MWR High Effienct lid VS DP + K&N kit ? - Ducati.ms - The Ultimate Ducati Forum
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post #1 of 9 (permalink) Old Apr 7th, 2019, 7:32 am Thread Starter
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MWR High Effienct lid VS DP + K&N kit ?

Does anyone have clue how big difference there is in the airflow between these two sets ? I mean at some point it doesn`t matter how freely air can flow to engine, because it just doesn`t need more than it can use.

Previous owner has installed MWR High Effiency lid. I`m not really sure if it`s a good mod because intake noise is pretty loud (and i`m not fan of intake noise). It`s also pretty open for water. Although they claim foam filter doesn`t let water through and that the performance gain is big.

I also have original air filter box with Ducati performance lid and K&N free flow air filter which i`m considering to install. I haven`t heard Hyper with original air filter box. So i can`t say anything about noise of it. Biggest question is if it reduces air flow so much that i have to get it reflashed ??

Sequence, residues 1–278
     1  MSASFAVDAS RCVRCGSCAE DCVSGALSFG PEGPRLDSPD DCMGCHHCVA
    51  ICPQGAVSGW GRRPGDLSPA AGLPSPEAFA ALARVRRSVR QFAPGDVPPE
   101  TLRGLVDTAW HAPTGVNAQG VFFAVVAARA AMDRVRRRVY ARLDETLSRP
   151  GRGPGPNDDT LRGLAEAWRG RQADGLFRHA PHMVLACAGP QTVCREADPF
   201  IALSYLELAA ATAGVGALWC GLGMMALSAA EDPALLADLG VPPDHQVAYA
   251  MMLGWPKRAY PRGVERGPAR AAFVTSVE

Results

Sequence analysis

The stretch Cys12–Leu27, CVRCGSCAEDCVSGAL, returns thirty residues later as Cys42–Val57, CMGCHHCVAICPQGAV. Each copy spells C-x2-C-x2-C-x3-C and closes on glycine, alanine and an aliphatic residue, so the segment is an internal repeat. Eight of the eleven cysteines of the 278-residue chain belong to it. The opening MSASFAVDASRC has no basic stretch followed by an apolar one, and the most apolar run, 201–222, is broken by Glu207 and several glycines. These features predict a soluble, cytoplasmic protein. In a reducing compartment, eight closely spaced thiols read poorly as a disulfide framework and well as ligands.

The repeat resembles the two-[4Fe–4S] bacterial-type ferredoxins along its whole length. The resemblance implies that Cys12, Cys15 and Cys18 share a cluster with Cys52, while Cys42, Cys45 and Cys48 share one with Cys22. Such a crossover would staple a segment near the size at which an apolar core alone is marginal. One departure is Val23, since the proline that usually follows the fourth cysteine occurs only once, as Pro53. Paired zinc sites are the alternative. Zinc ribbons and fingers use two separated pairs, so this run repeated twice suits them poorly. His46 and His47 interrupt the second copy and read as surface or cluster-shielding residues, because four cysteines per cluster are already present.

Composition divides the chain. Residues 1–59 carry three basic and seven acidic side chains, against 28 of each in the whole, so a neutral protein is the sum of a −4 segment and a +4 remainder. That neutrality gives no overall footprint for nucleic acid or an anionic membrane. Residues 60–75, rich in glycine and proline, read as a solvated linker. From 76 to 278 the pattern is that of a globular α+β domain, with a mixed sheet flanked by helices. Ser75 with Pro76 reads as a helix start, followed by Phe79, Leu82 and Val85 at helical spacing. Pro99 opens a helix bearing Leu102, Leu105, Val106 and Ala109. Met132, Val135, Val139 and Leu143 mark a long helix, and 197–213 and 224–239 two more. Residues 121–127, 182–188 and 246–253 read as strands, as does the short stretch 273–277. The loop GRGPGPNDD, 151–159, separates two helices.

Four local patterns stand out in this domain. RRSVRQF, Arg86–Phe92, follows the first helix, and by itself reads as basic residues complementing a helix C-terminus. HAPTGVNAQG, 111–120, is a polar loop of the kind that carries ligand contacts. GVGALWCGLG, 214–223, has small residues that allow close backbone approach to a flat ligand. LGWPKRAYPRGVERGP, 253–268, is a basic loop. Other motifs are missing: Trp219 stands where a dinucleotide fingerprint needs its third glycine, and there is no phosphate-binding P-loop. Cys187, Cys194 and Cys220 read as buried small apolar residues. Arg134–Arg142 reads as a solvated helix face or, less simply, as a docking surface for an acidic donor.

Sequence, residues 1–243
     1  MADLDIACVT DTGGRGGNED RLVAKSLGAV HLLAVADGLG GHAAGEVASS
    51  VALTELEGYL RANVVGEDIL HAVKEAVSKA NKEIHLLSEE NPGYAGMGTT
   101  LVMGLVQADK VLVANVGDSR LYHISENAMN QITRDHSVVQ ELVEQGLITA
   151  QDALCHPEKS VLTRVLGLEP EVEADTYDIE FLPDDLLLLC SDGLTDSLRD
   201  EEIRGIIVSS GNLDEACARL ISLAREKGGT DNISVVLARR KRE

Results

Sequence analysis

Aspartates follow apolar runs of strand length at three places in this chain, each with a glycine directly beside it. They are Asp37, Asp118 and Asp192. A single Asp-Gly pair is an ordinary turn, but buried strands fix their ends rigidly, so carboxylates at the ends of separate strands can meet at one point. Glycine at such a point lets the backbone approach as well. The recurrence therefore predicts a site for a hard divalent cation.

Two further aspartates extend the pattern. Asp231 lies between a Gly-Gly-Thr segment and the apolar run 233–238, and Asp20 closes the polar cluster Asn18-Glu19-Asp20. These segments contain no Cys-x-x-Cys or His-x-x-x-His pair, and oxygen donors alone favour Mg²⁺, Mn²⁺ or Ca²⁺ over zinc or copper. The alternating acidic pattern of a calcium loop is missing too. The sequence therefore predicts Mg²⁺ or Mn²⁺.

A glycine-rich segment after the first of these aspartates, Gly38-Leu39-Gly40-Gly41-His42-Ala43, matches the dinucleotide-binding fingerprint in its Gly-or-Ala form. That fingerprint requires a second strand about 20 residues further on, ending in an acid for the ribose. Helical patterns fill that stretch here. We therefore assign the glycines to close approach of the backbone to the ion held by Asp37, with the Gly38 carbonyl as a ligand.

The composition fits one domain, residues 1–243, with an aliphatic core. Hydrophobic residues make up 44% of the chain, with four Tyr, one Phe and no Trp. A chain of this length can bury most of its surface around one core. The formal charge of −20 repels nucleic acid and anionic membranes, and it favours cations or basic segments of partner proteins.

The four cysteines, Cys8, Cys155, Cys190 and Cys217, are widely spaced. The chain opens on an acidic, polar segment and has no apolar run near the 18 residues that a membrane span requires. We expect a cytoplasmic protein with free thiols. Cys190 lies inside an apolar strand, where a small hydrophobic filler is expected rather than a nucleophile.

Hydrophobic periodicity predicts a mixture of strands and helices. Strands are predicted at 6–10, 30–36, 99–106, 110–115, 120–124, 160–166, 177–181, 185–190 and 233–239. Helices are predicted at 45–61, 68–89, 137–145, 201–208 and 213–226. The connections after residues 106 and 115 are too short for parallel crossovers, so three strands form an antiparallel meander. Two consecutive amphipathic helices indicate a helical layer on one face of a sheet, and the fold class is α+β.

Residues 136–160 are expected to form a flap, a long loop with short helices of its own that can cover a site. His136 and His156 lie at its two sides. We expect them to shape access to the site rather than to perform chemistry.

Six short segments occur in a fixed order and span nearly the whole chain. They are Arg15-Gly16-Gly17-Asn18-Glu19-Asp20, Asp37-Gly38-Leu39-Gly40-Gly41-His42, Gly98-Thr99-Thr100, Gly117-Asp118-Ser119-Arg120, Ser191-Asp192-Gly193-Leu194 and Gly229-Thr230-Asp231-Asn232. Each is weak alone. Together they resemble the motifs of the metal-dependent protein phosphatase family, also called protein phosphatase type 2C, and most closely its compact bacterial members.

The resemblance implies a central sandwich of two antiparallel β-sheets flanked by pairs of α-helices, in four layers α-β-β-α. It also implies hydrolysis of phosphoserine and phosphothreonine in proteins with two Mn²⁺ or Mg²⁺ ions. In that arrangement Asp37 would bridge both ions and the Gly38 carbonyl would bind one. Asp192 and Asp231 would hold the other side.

Changing airbox is pretty big job and i rather keep the MWR than swap to K&N and then back to MWR

I have Hyper 1100 and decat pipe, Termignoni mufflers and ecu reflashed. And of course that MWR lid.

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post #2 of 9 (permalink) Old Apr 7th, 2019, 8:25 am
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I have two different air filter configurations an my two air cooled bikes.

On my 1100 hyper, the small MWR lid. It is slightly bigger than the DP lid, but I believe that it allows a similar amount of intake noise to go through:


On my GT1000, Corse dynamics Velocity Stacks. In theory, the noisiest intake option:


The intake noise difference that I perceive between those two configurations is not really big IMHO. So I assume that you won't notice a huge difference when riding the bike if you swap your MWR lid with the DP lid + K&N filter.
The only option that will considerably mute the intake noise is the closed OEM lid. But I would not recommend going in that direction because you will experience a significant performance reduction.